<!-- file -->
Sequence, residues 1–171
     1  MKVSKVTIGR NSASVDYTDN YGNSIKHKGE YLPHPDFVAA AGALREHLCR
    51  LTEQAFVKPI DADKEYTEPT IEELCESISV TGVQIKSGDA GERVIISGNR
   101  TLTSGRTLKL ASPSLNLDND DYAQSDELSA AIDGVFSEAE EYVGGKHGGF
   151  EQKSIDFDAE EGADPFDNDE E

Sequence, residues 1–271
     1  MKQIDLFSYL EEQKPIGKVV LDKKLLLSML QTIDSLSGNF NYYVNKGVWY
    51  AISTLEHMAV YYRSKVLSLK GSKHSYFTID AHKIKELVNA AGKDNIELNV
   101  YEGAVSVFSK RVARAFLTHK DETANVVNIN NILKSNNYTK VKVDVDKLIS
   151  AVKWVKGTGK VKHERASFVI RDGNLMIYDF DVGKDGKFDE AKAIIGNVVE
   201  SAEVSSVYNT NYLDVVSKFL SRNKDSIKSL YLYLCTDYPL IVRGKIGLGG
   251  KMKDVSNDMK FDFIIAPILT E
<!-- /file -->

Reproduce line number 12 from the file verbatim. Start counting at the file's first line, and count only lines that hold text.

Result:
   251  KMKDVSNDMK FDFIIAPILT E